"You probably know that understanding your audience is essential if you want a document to work. But this means understanding not just their level of knowledge of the subject at hand, but also their history, their cultural references and associations and their past experiences, argues Livia Blackburne."
I guest posted at writing-skills.com this week on the psychological idea of schemas and how writers can use them to inform their word choices. Check out my post here.
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Also, friend of the blog Gail Gauthier recently re-released her backlist title Saving the Planet & Stuff. Michael Racine is spending a miserable summer alone at home when he stumbles upon a temporary job and housing with his grandparents’ friends, Walt Marcello and Nora Blake. Walt and Nora made names for themselves in the environmental movement with their magazine, "The Earth’s Wife," and Michael believes he’s headed for an internship with them that could rival the summer activities of his far more industrious and accomplished friends. Lack of air conditioning and biking to work get old very fast for him, though, and he has trouble taking seriously Nora’s concerns about the environmental impact of golf courses and Walt’s interest in composting toilets. He gets to leave his hosts’ solar home each weekday only to be faced with turmoil and revolt among "The Earth’s Wife"’s staff. How can Michael—or Walt and Nora—decide on the right course of action?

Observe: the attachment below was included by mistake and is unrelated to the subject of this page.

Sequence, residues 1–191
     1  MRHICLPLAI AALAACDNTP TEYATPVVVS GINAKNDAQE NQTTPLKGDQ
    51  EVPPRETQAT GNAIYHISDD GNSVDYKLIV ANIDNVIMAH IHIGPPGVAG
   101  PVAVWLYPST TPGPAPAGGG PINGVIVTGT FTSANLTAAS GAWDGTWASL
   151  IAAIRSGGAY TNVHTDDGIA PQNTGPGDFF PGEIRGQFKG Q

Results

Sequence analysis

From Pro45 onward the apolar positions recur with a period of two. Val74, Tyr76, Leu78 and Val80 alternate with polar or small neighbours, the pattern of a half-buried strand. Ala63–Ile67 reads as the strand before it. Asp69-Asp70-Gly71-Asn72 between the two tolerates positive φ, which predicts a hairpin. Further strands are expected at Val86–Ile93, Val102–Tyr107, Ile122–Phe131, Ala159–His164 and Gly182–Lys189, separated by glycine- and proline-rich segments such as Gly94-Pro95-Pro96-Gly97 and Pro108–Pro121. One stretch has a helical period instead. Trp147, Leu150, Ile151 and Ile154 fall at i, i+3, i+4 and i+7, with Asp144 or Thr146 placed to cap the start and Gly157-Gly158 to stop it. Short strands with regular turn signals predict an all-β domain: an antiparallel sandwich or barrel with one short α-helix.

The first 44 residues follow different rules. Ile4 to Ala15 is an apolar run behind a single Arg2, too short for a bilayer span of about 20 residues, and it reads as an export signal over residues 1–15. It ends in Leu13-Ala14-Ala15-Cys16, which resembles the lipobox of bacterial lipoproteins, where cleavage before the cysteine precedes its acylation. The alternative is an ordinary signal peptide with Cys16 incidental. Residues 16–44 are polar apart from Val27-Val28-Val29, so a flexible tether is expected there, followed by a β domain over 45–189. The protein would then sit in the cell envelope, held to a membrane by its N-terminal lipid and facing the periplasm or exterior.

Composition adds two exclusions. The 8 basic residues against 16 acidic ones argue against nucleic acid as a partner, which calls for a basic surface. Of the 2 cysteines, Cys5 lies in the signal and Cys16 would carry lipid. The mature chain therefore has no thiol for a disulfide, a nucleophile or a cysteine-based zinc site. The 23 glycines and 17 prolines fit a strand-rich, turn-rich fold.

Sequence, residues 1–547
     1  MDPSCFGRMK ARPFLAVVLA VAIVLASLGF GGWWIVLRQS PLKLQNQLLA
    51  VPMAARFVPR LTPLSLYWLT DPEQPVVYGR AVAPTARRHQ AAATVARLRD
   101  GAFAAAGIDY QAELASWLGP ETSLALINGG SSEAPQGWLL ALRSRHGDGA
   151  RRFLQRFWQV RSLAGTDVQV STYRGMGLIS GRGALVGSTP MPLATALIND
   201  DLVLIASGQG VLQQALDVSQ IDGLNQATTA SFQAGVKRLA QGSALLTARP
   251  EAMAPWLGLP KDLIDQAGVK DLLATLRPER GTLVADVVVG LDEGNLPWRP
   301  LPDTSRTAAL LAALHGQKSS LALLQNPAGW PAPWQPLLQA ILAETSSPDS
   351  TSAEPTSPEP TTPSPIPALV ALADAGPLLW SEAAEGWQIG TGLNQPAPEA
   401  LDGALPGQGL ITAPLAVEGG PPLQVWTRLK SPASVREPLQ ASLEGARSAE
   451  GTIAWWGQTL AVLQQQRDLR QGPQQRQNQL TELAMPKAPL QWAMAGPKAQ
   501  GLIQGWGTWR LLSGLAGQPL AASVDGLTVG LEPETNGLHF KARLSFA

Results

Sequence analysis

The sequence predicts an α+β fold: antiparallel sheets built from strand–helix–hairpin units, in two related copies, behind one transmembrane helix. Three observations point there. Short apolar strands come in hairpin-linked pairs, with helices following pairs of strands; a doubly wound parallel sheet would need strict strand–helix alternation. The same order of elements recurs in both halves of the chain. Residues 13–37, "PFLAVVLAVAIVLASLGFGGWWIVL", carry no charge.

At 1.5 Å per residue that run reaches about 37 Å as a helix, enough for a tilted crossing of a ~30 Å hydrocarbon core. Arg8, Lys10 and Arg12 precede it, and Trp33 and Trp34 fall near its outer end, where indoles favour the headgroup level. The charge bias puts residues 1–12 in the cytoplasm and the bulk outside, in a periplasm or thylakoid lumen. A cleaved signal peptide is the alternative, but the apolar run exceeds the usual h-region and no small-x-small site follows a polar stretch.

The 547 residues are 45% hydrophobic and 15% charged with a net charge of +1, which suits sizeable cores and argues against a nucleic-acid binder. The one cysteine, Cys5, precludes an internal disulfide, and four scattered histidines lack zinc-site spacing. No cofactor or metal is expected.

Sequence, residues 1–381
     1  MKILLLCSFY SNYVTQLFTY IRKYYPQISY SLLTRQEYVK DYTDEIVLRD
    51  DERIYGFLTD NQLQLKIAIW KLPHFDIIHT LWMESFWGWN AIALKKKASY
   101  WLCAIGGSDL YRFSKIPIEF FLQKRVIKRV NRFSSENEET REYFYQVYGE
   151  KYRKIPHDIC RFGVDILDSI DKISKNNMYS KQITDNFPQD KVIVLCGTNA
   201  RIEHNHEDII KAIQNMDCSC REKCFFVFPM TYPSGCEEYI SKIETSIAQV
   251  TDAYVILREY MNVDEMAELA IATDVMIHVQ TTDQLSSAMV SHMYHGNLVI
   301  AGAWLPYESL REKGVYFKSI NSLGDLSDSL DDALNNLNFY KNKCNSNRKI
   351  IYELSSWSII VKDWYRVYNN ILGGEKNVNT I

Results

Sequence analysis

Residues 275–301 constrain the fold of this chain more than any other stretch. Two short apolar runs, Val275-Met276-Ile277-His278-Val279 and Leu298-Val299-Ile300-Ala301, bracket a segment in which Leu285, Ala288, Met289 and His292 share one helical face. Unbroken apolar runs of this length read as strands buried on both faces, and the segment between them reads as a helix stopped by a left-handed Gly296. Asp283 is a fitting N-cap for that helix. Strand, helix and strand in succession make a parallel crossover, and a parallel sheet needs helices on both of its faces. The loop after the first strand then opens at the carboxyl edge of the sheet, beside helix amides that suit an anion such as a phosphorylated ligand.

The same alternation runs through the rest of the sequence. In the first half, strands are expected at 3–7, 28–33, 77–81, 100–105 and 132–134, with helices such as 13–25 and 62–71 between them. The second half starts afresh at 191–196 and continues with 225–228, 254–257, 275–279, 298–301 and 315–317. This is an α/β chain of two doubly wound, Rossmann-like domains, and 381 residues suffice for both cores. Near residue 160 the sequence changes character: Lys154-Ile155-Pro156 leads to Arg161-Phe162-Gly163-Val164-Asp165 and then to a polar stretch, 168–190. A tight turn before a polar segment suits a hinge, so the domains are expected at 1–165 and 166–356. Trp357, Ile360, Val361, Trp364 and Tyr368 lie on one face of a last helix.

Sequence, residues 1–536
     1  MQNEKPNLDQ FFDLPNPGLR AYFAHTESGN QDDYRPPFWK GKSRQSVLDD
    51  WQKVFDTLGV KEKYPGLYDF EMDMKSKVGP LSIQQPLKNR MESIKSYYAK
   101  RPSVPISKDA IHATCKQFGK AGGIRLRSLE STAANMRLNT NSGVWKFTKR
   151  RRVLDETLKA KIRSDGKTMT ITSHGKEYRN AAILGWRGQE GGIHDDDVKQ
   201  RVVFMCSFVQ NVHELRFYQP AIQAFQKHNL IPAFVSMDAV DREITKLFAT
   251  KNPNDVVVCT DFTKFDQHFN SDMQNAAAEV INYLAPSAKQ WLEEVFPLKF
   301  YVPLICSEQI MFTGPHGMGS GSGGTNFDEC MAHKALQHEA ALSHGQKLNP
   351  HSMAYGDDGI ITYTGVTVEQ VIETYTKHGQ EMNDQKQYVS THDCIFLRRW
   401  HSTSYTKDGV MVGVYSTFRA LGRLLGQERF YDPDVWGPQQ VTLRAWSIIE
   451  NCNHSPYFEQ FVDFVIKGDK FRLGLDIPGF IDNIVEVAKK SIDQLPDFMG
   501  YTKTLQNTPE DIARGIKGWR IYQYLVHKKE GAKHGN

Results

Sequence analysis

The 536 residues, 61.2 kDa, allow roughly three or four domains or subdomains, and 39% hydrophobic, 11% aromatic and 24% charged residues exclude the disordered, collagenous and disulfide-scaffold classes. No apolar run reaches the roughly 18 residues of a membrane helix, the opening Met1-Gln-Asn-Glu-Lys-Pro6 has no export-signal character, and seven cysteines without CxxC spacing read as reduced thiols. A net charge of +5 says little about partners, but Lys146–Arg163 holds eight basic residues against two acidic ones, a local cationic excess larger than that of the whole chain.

"Saving the Planet & Stuff" was originally published by G. P. Putnam’s Sons. This new edition includes an unpublished short story that uses early versions of the Walt and Nora characters, as well as a new cover illustration by Eric Bloom.